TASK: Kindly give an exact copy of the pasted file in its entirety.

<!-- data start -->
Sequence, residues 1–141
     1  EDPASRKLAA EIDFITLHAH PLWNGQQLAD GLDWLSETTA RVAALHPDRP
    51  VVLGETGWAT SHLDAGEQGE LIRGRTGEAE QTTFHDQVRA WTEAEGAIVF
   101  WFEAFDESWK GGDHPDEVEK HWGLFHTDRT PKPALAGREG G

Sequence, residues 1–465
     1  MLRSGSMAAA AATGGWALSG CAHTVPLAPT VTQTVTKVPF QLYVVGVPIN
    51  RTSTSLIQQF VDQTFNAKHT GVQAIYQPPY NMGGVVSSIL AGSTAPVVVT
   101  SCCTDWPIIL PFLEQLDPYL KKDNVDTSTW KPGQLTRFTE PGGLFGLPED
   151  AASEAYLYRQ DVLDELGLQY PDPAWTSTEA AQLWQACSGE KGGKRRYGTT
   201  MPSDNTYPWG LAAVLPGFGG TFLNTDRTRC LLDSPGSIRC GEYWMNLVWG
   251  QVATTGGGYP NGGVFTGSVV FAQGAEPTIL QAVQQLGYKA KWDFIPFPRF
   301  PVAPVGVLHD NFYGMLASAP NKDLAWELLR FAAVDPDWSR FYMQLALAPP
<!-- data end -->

Sequence, residues 1–141
     1  EDPASRKLAA EIDFITLHAH PLWNGQQLAD GLDWLSETTA RVAALHPDRP
    51  VVLGETGWAT SHLDAGEQGE LIRGRTGEAE QTTFHDQVRA WTEAEGAIVF
   101  WFEAFDESWK GGDHPDEVEK HWGLFHTDRT PKPALAGREG G

Sequence, residues 1–465
     1  MLRSGSMAAA AATGGWALSG CAHTVPLAPT VTQTVTKVPF QLYVVGVPIN
    51  RTSTSLIQQF VDQTFNAKHT GVQAIYQPPY NMGGVVSSIL AGSTAPVVVT
   101  SCCTDWPIIL PFLEQLDPYL KKDNVDTSTW KPGQLTRFTE PGGLFGLPED
   151  AASEAYLYRQ DVLDELGLQY PDPAWTSTEA AQLWQACSGE KGGKRRYGTT
   201  MPSDNTYPWG LAAVLPGFGG TFLNTDRTRC LLDSPGSIRC GEYWMNLVWG
   251  QVATTGGGYP NGGVFTGSVV FAQGAEPTIL QAVQQLGYKA KWDFIPFPRF
   301  PVAPVGVLHD NFYGMLASAP NKDLAWELLR FAAVDPDWSR FYMQLALAPP